Open Exhibits Gets Wordled

Open Exhibits WordleWe recently put our RSS feed into Wordle as a fun way to see which topics are most written about on the Open Exhibits blog. Wordle will take an RSS feed or text that you provide and create a visualization of commonly used words, with the words that are used most frequently appearing the largest. Not surprisingly, "Open" and "Exhibits" feature the most prominently in our Wordle, followed by "information," "exhibit," "software," and "museums". No big surprises there, but it's definitely a fun visualization tool for museums and bloggers alike.

Wordles aren't limited to blog feed analysis. Many users create graphics that present a lot of information in an easy-to-read format. One person created a Wordle of the most common crossword answers, while others use it to visualize the most-covered news topics. And you can control the font, word alignment and colors used to create striking custom images.

See our Wordle here or create your own at

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by Erin Rose View all posts by Erin Rose on Jan 10, 2011

Open Exhibits in 60 Seconds Video

We've recently created a new video, "Open Exhibits in 60 Seconds," that gives a quick overview of Open Exhibits and how to use it. We designed the project and website to bring a wide variety of users and skill sets together, and we thought an introductory video would help each type of user figure out how they can best contribute to the project.

As always, we look forward to hearing your feedback, so if there are other videos or tutorials you'd like to see, feel free to post a comment below or on our YouTube page.

Watch the video below.

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by View 's User Profile on Jan 4, 2011

Gesture-Based Computing: Four to Five Years Out?

(Cross-posted from Ideum blog)

The New Media Consortium has published the 2010 Horizon Report: Museum Edition which "identifies and describes emerging technologies likely to have a large impact over the coming five years on a variety of sectors around the globe."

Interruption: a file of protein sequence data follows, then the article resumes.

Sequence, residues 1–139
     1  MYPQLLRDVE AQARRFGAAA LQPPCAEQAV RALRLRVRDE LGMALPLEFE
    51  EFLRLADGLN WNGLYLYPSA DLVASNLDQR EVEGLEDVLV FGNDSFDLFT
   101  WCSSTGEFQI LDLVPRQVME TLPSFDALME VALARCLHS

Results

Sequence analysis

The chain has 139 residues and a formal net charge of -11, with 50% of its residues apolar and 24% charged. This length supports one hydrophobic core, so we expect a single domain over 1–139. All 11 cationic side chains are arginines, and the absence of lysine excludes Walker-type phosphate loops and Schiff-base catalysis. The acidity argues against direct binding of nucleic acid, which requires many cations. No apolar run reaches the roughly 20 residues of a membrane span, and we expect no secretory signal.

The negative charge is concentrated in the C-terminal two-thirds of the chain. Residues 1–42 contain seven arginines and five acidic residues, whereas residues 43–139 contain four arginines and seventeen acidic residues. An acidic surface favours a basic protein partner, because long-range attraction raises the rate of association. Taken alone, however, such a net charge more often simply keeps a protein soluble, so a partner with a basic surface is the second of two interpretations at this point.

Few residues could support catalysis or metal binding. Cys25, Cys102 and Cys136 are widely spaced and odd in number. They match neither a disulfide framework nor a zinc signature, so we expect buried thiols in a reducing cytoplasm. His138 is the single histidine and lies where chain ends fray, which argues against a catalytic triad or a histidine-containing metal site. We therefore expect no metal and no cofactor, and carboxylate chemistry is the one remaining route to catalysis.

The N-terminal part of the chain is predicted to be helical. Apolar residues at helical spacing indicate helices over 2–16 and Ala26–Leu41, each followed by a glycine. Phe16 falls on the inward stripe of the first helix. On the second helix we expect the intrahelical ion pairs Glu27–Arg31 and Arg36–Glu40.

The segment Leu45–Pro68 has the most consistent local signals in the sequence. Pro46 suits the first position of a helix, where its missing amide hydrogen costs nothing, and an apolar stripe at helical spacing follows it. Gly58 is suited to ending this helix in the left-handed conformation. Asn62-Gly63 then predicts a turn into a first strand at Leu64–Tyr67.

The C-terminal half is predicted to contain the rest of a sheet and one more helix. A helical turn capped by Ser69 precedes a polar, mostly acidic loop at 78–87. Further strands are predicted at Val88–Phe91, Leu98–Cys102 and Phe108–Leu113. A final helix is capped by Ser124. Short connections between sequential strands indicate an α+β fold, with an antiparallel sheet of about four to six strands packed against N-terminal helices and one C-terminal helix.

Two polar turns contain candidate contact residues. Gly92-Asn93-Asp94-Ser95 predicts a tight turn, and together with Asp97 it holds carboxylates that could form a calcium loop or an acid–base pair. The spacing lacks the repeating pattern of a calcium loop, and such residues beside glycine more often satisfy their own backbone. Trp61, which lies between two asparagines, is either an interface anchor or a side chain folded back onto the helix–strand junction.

A section on Gesture-Based Computing caught my eye for obvious reasons. The report lists the time-to-adoption horizon for gesture-based computing as four to five years.  We agree with many of the report's findings, but since we've been involved in developing multitouch and multiuser applications for over two years now, I would move that timeline forward. Although what one would consider "adoption" and how widespread it is seems to be open to interpretation.

Below are a few of the points that we found especially interesting. The report calls gesture-based computing a transformative technology.

"Because gesture-based computing changes not only the physical and mechanical aspects of interacting with computers, but also our perception of what it means to work with a computer, it is a transformative technology."

It mentions the importance of allowing visitors to "manipulate objects" and how that is a "satisfying personal connection of an individual with the object. In addition, the report touches on the potential of collaborative interaction:

"Larger multi-touch displays support collaborative work, allowing multiple users to interact with content simultaneously, unlike a single-user mouse."

The potential for collaborative work and communication between museum visitors in the report really should be expanded. Our experiences in developing multitouch exhibits has shown us that beyond "intuitive gestures," multitouch means multiuser and well-constructed exhibits can encourage interaction between visitors. In fact, the interaction we've seen around multitouch tables is similar to the types of interaction one might expect from a hands-on science exhibit.

The report is worth checking out and there are a variety of links to examples of multitouch exhibits (including two of our own).

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by Jim Spadaccini View all posts by Jim Spadaccini on Dec 21, 2010